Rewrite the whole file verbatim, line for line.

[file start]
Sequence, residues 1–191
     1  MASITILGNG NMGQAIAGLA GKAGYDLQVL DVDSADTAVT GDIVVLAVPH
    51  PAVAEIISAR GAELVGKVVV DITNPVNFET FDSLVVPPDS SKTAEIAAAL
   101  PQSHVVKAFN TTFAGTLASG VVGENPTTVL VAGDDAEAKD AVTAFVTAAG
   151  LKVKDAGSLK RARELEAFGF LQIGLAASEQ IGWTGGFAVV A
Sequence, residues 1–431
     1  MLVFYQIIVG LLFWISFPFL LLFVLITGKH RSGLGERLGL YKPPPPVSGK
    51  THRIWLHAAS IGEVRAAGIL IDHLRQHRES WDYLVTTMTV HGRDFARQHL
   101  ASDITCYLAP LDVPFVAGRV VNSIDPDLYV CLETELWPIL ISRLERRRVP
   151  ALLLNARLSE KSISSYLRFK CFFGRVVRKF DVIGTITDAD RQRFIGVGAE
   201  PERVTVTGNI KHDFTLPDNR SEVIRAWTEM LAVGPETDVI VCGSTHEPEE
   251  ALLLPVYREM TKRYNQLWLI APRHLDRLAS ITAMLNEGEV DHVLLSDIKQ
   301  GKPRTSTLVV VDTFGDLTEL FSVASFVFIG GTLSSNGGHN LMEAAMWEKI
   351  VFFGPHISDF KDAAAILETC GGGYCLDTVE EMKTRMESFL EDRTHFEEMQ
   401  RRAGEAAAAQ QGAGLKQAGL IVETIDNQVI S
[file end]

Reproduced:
Sequence, residues 1–191
     1  MASITILGNG NMGQAIAGLA GKAGYDLQVL DVDSADTAVT GDIVVLAVPH
    51  PAVAEIISAR GAELVGKVVV DITNPVNFET FDSLVVPPDS SKTAEIAAAL
   101  PQSHVVKAFN TTFAGTLASG VVGENPTTVL VAGDDAEAKD AVTAFVTAAG
   151  LKVKDAGSLK RARELEAFGF LQIGLAASEQ IGWTGGFAVV A
Sequence, residues 1–431
     1  MLVFYQIIVG LLFWISFPFL LLFVLITGKH RSGLGERLGL YKPPPPVSGK
    51  THRIWLHAAS IGEVRAAGIL IDHLRQHRES WDYLVTTMTV HGRDFARQHL
   101  ASDITCYLAP LDVPFVAGRV VNSIDPDLYV CLETELWPIL ISRLERRRVP
   151  ALLLNARLSE KSISSYLRFK CFFGRVVRKF DVIGTITDAD RQRFIGVGAE
   201  PERVTVTGNI KHDFTLPDNR SEVIRAWTEM LAVGPETDVI VCGSTHEPEE
   251  ALLLPVYREM TKRYNQLWLI APRHLDRLAS ITAMLNEGEV DHVLLSDIKQ
   301  GKPRTSTLVV VDTFGDLTEL FSVASFVFIG GTLSSNGGHN LMEAAMWEKI
   351  VFFGPHISDF KDAAAILETC GGGYCLDTVE EMKTRMESFL EDRTHFEEMQ
   401  RRAGEAAAAQ QGAGLKQAGL IVETIDNQVI S